Stolen Voices connects the thoughts and feelings of young people who lived during wartime, whether as civilians or soldiers, in a way that displays how common themes have spanned over decades. In the diaries of civilians, the innocence of childhood is especially prevalent. The young people, regardless of the time period, question why war is happening, why it is affecting them, and whether or not they will survive it. They cannot fully comprehend what is happening and often face frustration and fear. Through the civilian diaries, one can relate to the young people and the way everyday things are changing around them. One can try to imagine how one would feel and react if one was thrown into such a situation. The soldiers' diaries are also very interesting to read. They are so matter-of-fact about war and death, it is almost unnerving. They often reminisce on their homes and lives before the war, and make plans for what they will do when they get out. It becomes clear after reading the diaries that war is war, regardless of the time or place. The images inserted in the middle of the book are a reminder to the reader that the diaries were actually written down on paper by a real person who really lived the events they describe. It is unreal to see their photos and actual pages from the diaries. It makes one wonder how many diaries like these, how many stories like these, have gone undiscovered or unnoticed. It makes one acutely aware of how many innocent, ordinary people have been and are being affected by war. The diaries present many affects of war that one might not think of right away, like visiting cemeteries to put wreaths on graves or not having enough water. Overall, this book is a good choice if one does not have much time to read, because one can concentrate on a single diary at a time.

    Was this review helpful? Yes  No   Report this review
  • Anonymous

    Posted July 16, 2008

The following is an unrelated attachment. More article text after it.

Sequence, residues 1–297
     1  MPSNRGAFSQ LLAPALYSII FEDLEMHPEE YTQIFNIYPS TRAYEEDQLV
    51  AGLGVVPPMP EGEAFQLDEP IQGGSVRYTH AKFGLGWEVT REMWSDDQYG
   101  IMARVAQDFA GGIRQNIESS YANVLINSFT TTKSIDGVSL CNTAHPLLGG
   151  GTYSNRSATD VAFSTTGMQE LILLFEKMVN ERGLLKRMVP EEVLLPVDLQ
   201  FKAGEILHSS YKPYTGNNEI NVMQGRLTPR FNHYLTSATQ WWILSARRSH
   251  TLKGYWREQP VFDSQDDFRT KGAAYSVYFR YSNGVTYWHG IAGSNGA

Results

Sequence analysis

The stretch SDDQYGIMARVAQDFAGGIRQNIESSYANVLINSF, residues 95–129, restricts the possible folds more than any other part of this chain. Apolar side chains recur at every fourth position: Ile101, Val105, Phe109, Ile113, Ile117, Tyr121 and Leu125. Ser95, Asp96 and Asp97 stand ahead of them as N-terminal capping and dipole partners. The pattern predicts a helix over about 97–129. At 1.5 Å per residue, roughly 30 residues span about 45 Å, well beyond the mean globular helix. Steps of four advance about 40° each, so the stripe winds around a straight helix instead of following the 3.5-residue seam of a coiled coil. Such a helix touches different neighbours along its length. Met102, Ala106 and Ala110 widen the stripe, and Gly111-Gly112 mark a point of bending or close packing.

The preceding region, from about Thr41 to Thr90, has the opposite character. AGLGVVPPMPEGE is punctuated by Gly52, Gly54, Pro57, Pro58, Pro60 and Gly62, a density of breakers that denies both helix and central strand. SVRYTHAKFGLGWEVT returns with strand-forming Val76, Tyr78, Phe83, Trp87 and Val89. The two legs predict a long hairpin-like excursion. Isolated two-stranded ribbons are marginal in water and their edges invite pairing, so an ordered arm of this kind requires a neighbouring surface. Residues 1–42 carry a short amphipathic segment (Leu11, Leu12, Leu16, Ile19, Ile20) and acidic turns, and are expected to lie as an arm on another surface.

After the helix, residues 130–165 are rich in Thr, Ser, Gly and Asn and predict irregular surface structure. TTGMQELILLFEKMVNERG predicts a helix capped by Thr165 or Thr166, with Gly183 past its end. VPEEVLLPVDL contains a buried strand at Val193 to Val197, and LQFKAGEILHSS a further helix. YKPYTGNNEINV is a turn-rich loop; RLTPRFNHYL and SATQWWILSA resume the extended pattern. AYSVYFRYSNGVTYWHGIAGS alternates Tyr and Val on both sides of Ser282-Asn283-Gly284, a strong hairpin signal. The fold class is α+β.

A reviewer

    My seventh-grade daughter and I read this collection of war diaries from World War I to Iraq for our book club. We read it aloud together, and I¿m glad we did. It gave us a chance to talk about the historical times each of the wars was set in and discuss the difficulties each of the diarists experienced. Particularly interesting were the views expressed by young people writing in Israel, Palestine and Iraq, since those conflicts are current events. During our group discussion we sat in a circle and each of the girls and moms talked about the diary that lingered in their minds the most. Not surprisingly many of us chose Inge, a Jewish girl sent from Austria with her sister to stay with an English family during World War II. Since the girls are the same age Inge was when she was writing, the anguish she experienced at leaving her parents and her home resonated particularly with us. I worried that the subject matter would be too intense for middle school girls, because some of the descriptions are particularly strong. And not all the diarists survive. But during our discussion it was quite clear that the girls had learned a lot from reading the book, and they highly recommended it for other girls their age. In fact, one of our members had not read Stolen Voices before our meeting, but said she couldn¿t wait to start after hearing the rest of us talk about it. I think Stolen Voices is an important book for people of all ages, but it¿s especially important for the young. And I think it¿s a great book to read with a group. An excerpt from the diary of Zlata Filipovic, one of the editors, is also included in the collection. A line from one of her entries sums up the sentiment that was a common thread among many of the diarists, ¿I simply don¿t understand it. Of course, I¿m `young¿ and politics are conducted by `grown-ups.¿ But I think we `young¿ would do it better. We certainly wouldn¿t have chosen war¿.¿

    Was this review helpful? Yes  No   Report this review
Sort by: Showing all of 2 Customer Reviews
Page 1 of 1